Heavy Duty Trucking

SEP 2014

The Fleet Business Authority

Issue link: https://heavydutytrucking.epubxp.com/i/382090

Contents of this Issue

Navigation

Page 108 of 135

Circle 152 on Reader Action Card www.truckinginfo.com SEPTEMBER 2014 • HDT 105 T he reduced stopping distance requirements mandated by the National Highway Traffic Safety Administration forced truck manu- facturers to put steer-axle brakes back into the game after decades of sitting on the sidelines. Faced with the need to whack nearly 100 feet from the distance re- quired to stop a test truck (the test rig pulls an un-braked trailer loaded so the tractor's axles carry a total weight of 59,600 pounds), and drive- axle brakes that were already at their torque limit, truck makers had to power up the steer-axle brakes. Disc brakes were an option, but they remain unpopular with U.S. fleets. Upgrading the front brakes was the only other option. "They upsized the front brakes from a typical 15-by-4-inch brake to 16.5-by-5-inch brake, which provid- ed a lot of additional torque," says Jeff Geist, director of Engineering at Stemco. "Some OEs went to a brake lining with a higher coeffi- cient of friction, and in some cases, the air chambers on the steer-axle brakes were upsized from a typical 20-square-inch chamber to a 24 to put even more power to the brake." All that extra torque on the front axle did succeed in bringing the truck to a stop within a shorter distance – but remember, the test is conducted with a 100-psi brake application. In normal service, truck brakes seldom see much more than 15 psi to 20 psi application pressure. Complications arise when the brakes aren't used in the way they were tested for RSD. "Under normal driving condi- tions, the brake linings may not get hot enough to be operating in their 'sweet spot,'" says Frank Gilboy, product manager of aftermarket brake shoes at Bendix Spicer Foun- dation Brake. "Front brakes are seeing more of their share of the work, but it may not be enough to condition the lining the way it needs to be conditioned." How the RSD rules changed the wheel-end Wider brake blocks and larger brake chambers deliver more brake torque, but are underutilized in day-to-day conditions.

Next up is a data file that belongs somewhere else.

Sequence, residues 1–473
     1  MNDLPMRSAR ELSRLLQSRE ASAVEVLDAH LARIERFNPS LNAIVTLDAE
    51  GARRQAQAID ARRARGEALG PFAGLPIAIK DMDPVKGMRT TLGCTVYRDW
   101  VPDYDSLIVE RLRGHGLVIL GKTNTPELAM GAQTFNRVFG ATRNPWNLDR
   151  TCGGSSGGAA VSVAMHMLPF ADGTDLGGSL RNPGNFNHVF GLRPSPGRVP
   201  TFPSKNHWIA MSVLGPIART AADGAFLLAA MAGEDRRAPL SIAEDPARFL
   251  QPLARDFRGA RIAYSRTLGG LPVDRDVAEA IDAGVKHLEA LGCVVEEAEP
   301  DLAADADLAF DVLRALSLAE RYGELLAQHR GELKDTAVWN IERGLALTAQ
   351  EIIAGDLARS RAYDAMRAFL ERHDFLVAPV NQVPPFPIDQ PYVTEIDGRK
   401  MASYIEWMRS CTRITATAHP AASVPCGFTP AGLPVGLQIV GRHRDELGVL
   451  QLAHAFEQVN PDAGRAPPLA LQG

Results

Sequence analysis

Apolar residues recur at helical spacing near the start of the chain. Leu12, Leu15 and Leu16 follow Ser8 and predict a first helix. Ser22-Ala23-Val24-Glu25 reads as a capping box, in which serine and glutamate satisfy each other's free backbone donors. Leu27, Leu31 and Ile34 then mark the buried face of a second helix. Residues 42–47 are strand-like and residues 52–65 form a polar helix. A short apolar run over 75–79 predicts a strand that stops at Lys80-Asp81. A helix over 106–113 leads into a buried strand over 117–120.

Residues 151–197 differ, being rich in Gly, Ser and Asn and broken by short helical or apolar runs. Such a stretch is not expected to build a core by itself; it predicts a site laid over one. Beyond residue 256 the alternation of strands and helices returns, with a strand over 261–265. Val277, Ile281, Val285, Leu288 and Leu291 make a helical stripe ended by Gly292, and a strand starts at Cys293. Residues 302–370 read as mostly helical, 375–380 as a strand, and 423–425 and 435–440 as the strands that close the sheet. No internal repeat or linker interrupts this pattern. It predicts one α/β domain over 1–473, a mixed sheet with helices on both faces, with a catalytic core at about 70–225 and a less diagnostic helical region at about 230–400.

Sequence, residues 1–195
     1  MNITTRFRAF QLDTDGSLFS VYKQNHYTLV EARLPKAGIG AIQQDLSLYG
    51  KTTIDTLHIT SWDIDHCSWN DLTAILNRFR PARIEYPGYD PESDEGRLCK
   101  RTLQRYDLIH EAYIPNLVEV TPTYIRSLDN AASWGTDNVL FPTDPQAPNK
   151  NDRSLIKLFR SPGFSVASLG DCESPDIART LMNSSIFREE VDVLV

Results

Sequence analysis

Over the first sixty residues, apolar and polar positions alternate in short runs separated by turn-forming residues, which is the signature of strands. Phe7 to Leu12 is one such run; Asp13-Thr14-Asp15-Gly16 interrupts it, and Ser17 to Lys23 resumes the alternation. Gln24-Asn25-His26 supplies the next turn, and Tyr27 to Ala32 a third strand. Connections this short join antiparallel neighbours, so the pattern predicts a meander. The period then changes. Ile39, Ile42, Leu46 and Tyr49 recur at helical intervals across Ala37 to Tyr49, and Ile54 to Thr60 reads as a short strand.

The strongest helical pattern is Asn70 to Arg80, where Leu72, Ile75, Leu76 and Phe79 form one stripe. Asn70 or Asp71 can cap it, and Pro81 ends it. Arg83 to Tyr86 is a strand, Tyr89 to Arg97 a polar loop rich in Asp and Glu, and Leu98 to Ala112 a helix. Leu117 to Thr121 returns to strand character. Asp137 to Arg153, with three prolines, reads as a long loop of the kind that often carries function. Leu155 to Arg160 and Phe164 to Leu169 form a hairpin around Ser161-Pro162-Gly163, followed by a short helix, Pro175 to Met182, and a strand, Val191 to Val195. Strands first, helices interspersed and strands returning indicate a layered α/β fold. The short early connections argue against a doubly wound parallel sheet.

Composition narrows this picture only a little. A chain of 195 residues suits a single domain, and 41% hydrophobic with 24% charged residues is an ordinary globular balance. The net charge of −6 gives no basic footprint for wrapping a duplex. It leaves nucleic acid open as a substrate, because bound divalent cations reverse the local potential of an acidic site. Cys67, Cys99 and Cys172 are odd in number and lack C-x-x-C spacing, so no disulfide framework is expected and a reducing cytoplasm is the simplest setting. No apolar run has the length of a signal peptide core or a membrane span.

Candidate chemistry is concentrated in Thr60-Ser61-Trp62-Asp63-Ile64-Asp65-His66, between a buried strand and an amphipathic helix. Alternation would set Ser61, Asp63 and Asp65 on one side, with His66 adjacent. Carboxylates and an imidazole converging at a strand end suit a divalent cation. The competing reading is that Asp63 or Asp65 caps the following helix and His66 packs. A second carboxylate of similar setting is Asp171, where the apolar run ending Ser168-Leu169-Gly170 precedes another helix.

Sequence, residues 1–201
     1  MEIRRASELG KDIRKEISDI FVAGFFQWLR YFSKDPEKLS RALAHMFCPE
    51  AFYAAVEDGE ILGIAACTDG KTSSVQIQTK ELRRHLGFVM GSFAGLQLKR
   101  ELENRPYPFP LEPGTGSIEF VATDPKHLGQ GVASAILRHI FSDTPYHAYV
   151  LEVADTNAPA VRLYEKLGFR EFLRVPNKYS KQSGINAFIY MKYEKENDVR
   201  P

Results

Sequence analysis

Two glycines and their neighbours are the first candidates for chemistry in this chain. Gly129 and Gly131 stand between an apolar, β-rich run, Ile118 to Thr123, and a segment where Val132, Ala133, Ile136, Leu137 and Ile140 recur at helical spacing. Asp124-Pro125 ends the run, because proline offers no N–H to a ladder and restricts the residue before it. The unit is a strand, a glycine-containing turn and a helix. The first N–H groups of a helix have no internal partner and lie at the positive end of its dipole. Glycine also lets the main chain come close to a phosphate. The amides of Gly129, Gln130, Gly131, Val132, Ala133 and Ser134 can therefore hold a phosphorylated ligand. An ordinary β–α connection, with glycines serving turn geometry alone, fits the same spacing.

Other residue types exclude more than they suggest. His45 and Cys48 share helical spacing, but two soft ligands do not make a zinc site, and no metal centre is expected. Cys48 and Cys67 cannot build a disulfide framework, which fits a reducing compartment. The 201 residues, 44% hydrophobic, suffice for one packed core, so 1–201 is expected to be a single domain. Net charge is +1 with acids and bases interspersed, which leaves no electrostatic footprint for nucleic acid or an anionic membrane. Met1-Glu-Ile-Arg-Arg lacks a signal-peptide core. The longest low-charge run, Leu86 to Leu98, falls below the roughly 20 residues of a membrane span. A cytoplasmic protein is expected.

Articles in this issue

Links on this page

Archives of this issue

view archives of Heavy Duty Trucking - SEP 2014